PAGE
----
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Age In Carboy or Bottle?

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Drunkagain

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So where am I better off ageing my RIS? I've got it sitting in a carboy right now that I have no forseeable need for. My other option is to keg it, get it carbed and then bottle it and put it away until Xmas.

Thoughts?
 

Professor Frink

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You can go either way. I would age it a couple months at least in the carboy if possible. I think bulk aging typically works better than bottle aging if possible.
 

BlendieOfIndie

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You could do both & note the differences... then tell us ;)

I'm planning a similar experiment. I have a kolsch that's at the tail end of fermentation. When it finishes I'm going to rack half to a carboy, and leave the other half in the primary. From there the primary is going into the fridge to age while the carboy stays @ room temp.
 

blaqball

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Bottle it up and age it.
Free your carboy and brew another batch right?
Wine and beer has been aged in the bottles for hundreds of years.
 

FlyGuy

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I greatly prefer aging in the carboy. If you rack your beer off the yeast and into bottles, the process takes longer. Keep it on the yeast and it will keep working on that beer for you, slowly cleaning it up and improving it.

I have aged stouts and porters and high gravity brews for as long as 9 months, and I am convinced they age better in bulk.
 

CEMaine

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Drunkagain said:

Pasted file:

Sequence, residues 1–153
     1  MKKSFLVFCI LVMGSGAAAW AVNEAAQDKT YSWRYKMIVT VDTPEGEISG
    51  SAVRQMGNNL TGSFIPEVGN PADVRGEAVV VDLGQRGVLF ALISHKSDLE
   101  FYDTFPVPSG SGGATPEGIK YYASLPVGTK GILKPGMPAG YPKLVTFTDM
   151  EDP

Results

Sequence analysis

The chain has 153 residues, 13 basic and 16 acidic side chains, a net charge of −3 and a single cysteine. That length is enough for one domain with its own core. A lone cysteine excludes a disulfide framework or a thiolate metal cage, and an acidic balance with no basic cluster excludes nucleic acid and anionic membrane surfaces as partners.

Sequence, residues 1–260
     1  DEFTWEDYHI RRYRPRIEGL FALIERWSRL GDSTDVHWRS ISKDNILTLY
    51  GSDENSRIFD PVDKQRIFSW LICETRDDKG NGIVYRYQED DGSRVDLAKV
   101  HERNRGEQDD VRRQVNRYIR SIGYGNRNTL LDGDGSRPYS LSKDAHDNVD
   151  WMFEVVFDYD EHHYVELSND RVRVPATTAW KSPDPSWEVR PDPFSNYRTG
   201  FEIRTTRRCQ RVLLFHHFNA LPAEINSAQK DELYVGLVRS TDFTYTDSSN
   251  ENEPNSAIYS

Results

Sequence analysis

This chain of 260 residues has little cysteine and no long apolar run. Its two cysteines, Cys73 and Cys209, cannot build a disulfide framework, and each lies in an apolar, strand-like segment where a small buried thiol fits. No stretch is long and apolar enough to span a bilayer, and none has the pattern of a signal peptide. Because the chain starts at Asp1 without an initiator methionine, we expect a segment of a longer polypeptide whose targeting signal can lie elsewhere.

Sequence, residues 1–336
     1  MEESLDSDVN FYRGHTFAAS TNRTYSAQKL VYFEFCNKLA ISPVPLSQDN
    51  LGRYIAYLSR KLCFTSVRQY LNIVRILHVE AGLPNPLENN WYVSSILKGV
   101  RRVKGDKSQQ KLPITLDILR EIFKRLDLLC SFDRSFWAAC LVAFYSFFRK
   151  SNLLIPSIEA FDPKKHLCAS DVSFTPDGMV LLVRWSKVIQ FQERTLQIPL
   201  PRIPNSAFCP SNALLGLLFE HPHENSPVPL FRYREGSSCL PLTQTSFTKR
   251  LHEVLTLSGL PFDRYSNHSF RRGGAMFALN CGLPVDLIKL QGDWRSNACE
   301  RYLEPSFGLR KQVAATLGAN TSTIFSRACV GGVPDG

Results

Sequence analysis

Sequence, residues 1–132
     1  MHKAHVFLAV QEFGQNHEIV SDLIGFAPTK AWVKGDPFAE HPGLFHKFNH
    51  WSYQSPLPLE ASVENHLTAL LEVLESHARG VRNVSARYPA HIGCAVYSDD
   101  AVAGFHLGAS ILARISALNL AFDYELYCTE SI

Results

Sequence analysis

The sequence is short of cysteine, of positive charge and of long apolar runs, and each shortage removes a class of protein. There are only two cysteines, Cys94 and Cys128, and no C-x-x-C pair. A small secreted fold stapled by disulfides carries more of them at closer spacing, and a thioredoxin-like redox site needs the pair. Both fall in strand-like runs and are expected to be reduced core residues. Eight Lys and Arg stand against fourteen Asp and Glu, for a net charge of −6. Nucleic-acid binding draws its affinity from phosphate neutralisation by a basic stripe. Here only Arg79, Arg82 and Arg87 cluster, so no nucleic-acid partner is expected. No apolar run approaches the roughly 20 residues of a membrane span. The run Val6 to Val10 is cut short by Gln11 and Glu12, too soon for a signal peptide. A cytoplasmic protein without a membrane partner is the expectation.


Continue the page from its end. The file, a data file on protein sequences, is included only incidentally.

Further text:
So where am I better off ageing my RIS? I've got it sitting in a carboy right now that I have no forseeable need for. My other option is to keg it, get it carbed and then bottle it and put it away until Xmas.

Thoughts?
I tend to split the difference. Seems like the time in the carboy clarifies the beer better and gives me some idea of the final flavors. I then bottle and cellar for some time depending on the style. My Whaleback IPA always seems to finish in the bottle no matter how long I condition it in the carboy.
 

Got Trub?

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I'm in the bulk conditioning camp. I'll leave a bigger beer conditioning in the primary on the yeast cake up to 6 weeks then transfer to a secondary for 2-3 months before bottling. The other advantage of bulk conditioning this way is you can't drink it.;)

GT
 

landhoney

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I'm in the bottle condition camp. I don't want to worry about adding botting yeast and problems arising from that, and I like to free up carboys to brew more. And for some reason I have much more patience waiting when its in the bottle. :confused:
 

CEMaine

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landhoney said:
I'm in the bottle condition camp. I don't want to worry about adding botting yeast and problems arising from that, and I like to free up carboys to brew more. And for some reason I have much more patience waiting when its in the bottle. :confused:
HAH!! It is just the opposite for me. Get it in the bottle and I just want to open em up!
 
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I often squirrel away bottles of brew to see how they age. An average unracked fermented ale/ beer will age perfectly well in the bottle for at least 6 months; a clearer and higher alcohol beer can easily last a year, though the hop profile will change.
 

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